With the "will they, won't they?" drama of the Fed's FOMC meeting out of the way (at least for a month), next on the horizon is the U.S. debt ceiling.
The last deadlock over the U.S. debt ceiling resulted in the U.S. being downgraded from its AAA rating by Standard & Poor's for the first time in its history.
This time around, negotiations are just as bitter and partisan as the 2011 negotiations that led to this historical downgrade in the U.S. credit rating. The biggest block facing any Congressional approval of any resolution that would raise the debt ceiling is the issue of Obamacare. Last week, the Republican-controlled House passed a budget resolution that funds the government into December, but defunds Obama's signature legislation, the Affordable Care Act. With no possibility that the Democrat-controlled Senate will pass the bill, nor a possibility that Obama will sign the bill, it is unlikely that we will see a quick resolution of the debt ceiling negotiations.
As a result of negotiations during the 2011 debt ceiling stand-off, the debt ceiling was raised under the Budget Control Act of 2011. In a continuation of the U.S. government programme of Grandiose Sounding Bills, the No Budget No Pay Act of 2013 passed by both houses of Congress, the debt ceiling was suspended from February 4, 2013, until May 19, 2013. On May 19, the debt ceiling was raised to approximately $16.699 trillion to accommodate the borrowing done during the suspension period. The U.S. is scheduled to hit this ceiling in mid-October.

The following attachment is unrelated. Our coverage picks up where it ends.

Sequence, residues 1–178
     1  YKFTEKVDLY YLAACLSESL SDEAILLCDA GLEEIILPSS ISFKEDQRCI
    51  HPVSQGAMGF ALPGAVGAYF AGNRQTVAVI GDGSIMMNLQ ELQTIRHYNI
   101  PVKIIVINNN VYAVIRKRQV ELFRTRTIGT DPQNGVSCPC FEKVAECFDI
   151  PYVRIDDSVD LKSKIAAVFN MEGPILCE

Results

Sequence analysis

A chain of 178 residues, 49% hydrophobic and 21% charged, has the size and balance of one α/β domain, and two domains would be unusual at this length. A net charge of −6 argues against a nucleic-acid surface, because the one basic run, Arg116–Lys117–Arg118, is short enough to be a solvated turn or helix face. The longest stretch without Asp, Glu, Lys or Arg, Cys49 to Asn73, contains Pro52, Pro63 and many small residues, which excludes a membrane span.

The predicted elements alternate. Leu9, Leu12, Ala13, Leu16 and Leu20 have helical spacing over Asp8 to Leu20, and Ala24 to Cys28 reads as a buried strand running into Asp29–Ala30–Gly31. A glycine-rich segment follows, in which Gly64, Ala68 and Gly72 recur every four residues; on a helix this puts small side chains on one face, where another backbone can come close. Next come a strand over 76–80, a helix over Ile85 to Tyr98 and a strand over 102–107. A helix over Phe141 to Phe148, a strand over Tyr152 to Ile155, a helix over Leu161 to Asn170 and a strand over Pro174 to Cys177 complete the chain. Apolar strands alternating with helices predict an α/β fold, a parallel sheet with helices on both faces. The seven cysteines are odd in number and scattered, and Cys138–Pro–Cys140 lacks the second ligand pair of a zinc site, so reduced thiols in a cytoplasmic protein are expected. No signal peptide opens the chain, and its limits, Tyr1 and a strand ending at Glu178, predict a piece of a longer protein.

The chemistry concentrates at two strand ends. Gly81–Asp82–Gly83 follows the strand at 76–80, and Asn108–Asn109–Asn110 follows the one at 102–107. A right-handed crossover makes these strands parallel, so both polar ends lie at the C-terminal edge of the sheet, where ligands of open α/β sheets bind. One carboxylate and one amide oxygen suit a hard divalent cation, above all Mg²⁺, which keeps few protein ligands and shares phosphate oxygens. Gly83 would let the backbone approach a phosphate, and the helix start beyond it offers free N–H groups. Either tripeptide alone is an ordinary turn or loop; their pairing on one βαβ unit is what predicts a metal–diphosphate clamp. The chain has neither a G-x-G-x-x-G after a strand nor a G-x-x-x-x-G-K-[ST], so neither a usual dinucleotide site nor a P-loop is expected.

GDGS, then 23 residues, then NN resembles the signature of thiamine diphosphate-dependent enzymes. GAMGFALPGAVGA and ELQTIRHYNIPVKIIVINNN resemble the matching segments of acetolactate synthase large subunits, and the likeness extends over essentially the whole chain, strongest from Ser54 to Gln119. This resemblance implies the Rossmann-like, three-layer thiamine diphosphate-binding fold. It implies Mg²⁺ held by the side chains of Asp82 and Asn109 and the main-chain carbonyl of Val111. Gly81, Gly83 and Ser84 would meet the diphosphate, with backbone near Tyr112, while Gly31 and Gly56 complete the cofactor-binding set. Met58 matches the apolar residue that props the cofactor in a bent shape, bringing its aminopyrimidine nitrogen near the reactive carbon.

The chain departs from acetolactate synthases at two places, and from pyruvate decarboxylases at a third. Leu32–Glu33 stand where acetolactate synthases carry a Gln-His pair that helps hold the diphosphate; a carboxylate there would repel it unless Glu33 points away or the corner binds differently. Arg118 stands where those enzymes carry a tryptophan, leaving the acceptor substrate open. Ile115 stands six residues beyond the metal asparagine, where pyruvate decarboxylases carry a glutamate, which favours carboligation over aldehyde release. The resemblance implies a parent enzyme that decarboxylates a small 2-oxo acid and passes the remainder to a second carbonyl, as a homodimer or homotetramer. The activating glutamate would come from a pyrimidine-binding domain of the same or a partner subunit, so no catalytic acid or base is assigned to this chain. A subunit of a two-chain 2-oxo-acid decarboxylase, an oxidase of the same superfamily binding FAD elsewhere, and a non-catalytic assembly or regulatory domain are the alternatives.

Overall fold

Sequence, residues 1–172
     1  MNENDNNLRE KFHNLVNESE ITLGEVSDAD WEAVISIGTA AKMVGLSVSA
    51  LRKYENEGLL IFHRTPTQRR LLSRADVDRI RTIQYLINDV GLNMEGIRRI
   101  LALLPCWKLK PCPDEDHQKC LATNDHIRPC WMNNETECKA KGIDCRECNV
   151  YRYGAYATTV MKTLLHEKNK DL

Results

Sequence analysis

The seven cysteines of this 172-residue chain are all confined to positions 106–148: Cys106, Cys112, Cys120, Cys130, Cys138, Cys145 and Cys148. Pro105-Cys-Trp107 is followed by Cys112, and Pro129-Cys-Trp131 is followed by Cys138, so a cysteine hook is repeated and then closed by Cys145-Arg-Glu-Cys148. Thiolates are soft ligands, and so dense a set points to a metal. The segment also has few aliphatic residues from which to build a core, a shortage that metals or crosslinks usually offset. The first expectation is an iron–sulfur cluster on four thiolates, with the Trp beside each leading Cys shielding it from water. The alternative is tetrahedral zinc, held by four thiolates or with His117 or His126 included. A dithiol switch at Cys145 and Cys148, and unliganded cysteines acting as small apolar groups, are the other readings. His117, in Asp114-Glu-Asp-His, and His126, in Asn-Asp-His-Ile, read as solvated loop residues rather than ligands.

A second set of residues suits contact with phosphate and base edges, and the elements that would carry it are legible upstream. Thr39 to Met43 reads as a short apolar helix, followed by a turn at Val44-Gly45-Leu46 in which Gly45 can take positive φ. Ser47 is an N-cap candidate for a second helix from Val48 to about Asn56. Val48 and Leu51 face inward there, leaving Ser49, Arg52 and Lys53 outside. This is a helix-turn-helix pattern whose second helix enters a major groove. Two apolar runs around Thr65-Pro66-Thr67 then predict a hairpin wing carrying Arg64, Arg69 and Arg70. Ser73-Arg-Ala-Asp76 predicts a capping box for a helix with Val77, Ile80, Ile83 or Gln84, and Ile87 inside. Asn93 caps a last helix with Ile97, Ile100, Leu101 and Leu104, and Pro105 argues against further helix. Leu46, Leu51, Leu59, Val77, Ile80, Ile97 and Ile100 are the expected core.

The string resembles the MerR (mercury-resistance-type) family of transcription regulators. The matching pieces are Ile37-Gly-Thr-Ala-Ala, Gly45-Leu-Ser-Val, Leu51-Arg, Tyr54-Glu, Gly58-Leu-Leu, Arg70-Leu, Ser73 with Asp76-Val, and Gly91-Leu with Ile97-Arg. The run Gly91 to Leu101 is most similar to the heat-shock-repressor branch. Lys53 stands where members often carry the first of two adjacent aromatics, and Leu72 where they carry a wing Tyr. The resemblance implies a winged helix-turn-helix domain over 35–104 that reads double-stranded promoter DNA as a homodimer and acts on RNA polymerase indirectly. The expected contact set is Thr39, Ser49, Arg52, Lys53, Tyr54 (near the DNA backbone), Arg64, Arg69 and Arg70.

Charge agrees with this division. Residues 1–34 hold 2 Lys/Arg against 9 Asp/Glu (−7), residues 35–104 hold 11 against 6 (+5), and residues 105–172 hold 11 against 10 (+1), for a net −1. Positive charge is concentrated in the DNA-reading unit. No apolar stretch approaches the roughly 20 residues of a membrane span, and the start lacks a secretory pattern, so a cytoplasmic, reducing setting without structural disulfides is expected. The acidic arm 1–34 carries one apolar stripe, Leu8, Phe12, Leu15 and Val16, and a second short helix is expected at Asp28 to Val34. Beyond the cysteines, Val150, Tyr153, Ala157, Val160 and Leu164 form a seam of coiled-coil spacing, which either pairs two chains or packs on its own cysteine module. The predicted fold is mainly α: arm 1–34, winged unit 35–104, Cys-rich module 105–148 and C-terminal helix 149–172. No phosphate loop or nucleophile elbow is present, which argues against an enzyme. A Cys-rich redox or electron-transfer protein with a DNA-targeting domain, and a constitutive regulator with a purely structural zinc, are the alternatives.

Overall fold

This headline figure leaves out some government liabilities. The U.S. Treasury principle amount of marketable and non-marketable securities currently outstanding stands at $16.949 trillion. This represents a debt-per-taxpayer of $148,182. The debt ceiling does not represent a cap on future spending per se, but instead debts accrued in the financing of existing liabilities. However, Republicans want to tie any raising of the debt ceiling with a balancing of the U.S. federal budget.
Last week, St Louis Fed president, and voting FOMC member, James Bullard, hinted that the Fed may yet taper the Fed's monthly asset purchases at its next meeting in October. The Fed shocked markets at its last meeting by holding off on any tapering of its $85bn monthly asset purchase programme, citing fragile U.S. economic growth. Should the U.S. debt ceiling negotiations enter a similarly bitter, partisan and entrenched stalemate as 2011, it may well influence any decision taken by the Fed to trim its asset purchases.
While the period of European economic instability that it accompanied in 2011 has abated and global economic conditions have changed considerably, the last debt ceiling stand-off hammered the dollar and drove-up U.S. Treasuries. At the same time, it drove gold up to record historic highs, breaking through $1,900/oz.
In the run up to any debt ceiling deadline, it would be unwise to underestimate the ability of Congress to descend into a quagmire of partisanship and vicious squabbling.